A synthesizer for quality chords and quality enjoyment

Published: 2024-05-29
Author: Irina Afanaseva

This article won’t read itself, and a synthesizer won’t assemble itself.

Is it necessary to say that

А  synthesizer is not just an instrument, but rather an entire orchestra under one roof. In musical groups, it plays a pivotal role, allowing performers to expand the boundaries of their creativity, and it can easily replace a group of musicians itself. With a synthesizer, any musical idea can be realized, from classical melodies to modern electronic experiments.

Is it necessary to say that

A synthesizer is a reliable partner in arrangement, an assistant in recording, an inspiration in creativity. Capable of replacing an arsenal of instruments, saving space and resources. It frees musicians’ hands and enables them to create unique sounds and shades.

Thanks to its adaptability, the instrument becomes an indispensable assistant both on stage and in the studio, providing smooth switching between a multitude of timbres and settings. By harnessing the latest technological advancements, synthesizers embody sounds with unprecedented accuracy, offering possibilities that would be unattainable with traditional musical instruments.

Even synthesizer keys are alive. They react differently when touched by musicians’ fingers. The standard synthesizer keyboard ensures consistent sound, not responding to touch pressure, allowing to reach sound stability.

Active keys, on the other hand, are sensitive to the dynamics of touch. A musician can express the emotional depth of performance, making the sound softer or louder depending on the force of touch, making the piece lively and expressive.

Is it necessary to say that

To achieve the desired sound in any genre of performance, it’s necessary to choose the type of device. Analog synthesizers operate like old radios, using real electrical components to create sounds. This gives them a special “alive” sound that many consider warm and rich.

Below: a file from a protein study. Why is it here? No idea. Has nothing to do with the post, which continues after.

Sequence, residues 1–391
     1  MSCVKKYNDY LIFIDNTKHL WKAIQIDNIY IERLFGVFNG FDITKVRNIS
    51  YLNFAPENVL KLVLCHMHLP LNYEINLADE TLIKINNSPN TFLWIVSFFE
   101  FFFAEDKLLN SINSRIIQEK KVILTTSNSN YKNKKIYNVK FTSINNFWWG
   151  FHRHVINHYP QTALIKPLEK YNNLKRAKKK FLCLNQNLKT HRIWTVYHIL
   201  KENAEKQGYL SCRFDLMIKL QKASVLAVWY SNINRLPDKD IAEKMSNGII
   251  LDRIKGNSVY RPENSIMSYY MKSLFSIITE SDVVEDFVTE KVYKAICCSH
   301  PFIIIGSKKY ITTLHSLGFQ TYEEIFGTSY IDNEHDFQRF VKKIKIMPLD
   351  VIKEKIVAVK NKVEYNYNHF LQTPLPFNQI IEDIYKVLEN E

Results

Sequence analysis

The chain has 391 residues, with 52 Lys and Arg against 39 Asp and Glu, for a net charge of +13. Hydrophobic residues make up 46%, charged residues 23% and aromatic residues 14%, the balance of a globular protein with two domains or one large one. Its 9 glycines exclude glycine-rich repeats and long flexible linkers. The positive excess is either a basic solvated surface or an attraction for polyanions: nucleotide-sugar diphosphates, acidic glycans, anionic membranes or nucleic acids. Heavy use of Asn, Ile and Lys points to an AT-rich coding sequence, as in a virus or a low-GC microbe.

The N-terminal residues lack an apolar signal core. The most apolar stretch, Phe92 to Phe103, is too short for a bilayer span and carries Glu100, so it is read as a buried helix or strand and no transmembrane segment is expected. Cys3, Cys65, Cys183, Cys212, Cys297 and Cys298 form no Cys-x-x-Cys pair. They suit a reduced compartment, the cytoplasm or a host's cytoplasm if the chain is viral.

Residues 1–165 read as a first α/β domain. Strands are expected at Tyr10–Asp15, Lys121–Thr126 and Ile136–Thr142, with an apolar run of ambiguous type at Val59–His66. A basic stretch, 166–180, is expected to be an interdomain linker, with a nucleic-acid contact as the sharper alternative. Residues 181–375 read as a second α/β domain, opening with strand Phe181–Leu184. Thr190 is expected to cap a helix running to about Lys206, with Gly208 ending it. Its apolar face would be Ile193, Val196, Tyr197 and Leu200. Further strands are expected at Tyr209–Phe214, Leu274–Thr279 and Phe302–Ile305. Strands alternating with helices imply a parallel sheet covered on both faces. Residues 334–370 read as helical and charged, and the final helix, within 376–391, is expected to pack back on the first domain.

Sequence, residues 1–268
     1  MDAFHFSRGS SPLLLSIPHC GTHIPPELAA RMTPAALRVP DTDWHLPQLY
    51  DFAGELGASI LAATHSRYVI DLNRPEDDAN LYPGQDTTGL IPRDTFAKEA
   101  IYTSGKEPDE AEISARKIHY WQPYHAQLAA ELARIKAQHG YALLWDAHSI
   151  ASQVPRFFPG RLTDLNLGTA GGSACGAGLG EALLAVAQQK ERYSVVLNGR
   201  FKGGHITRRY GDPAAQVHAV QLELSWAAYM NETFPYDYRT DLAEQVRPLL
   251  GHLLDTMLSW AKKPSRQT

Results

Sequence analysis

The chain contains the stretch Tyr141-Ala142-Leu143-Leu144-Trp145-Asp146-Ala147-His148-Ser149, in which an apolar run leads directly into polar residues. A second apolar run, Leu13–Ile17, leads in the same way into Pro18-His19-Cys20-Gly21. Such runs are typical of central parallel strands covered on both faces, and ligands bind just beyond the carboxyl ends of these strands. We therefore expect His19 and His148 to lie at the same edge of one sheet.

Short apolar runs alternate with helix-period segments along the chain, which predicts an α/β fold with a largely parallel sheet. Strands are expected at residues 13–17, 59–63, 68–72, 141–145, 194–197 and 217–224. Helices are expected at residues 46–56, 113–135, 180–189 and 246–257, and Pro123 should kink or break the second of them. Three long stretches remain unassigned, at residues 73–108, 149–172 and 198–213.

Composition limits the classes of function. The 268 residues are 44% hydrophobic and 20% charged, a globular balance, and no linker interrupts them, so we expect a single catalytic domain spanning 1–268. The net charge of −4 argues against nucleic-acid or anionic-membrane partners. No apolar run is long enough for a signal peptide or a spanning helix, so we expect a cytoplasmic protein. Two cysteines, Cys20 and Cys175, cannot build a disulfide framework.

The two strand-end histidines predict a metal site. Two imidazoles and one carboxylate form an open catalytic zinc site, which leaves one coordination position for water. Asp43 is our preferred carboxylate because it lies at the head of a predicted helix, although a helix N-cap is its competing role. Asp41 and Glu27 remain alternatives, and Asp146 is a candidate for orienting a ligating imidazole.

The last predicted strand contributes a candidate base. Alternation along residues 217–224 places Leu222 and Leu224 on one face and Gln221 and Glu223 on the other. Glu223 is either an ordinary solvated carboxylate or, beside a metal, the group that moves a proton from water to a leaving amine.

Digital synthesizers are like computers. The software simulates and accurately reproduces various sounds, using complex effects that are simply impossible in analog devices.

And, of course, the most mesmerizing feature of any synthesizer is samples. Samples, like a camera capturing moments in life, make sound snapshots: recording and preserving special musical moments. Synthesizers use these samples to recreate real sounds that musicians once played, making them alive again.

If you want to conduct an orchestra with your fingers and keys, it’s achievable through physical modeling. The synthesizer “listens” to commands, creates and reproduces sounds as if real instruments respond to touch. A smart processor analyzes the play and creates a sound corresponding to the actions of a real musician.

Is it necessary to say that

Synthesizers invariably feature “knobs.” These are micro-sound regulators “at your fingertips.” Sometimes, they can be used to tweak some impressive, interesting sound or pattern and record it for 5-10 seconds without engaging in track planning, mastering, or mixing.

For non-musicians, knob-twisting is a pleasurable activity in itself, somewhere on the border between creativity and meditation. Just like watching series or playing video games not for practical purposes, but simply to have a good time, disconnect from routine, and give the brain a break.

Renowned musicians strongly recommend everyone to at least once turn the synthesizer knob so slowly that it takes several minutes to rotate from minimum to maximum. In those moments, you can feel the gradation of resistance on the potentiometer and how new harmonics disappear and appear, each one of them. And, the most interesting thing is that such an experience is completely unrelated to music because music operates at completely different speeds of perception.

In other words, if you see someone’s wall covered in synthesizers with kilometers of cables hanging down, there’s no need to ask where all those gold and platinum albums written using them are. For some electronic music fans, knob-twisting is more about exploring new territories than about music itself.

Is it necessary to say that

Even assembling a cardboard puzzle according to instructions results in a synthesizer. The thing is, most synthesizers are open to modifications, so even when assembling something according to instructions, there’s always a chance of accidentally creating a unique synth that will be yours alone.

Creating a marvelous musical wonder capable of playing melodies as good as Thomas the Cat from the backyard music ensemble is not difficult. To help you with that, you’ll need a trusty soldering iron and a set of screwdrivers for screwing, unscrewing, and tweaking. And, of course, a set of screws and a drill.

To make a synthesizer at home, you’ll also need a rotary hammer because, well, it’s a rotary hammer, and audio speakers, radio components, microchips, and ear-splitting amplifiers.

A power supply is also essential; after all, a synthesizer won’t run on laurel leaves and fresh air, will it? And the most crucial element, without which no assembly can be completed, is the dsPIC microcontroller. Without it, the synthesizer will only play 80s rock, while we’re ready to sing “Despacito” in French and Mongolian!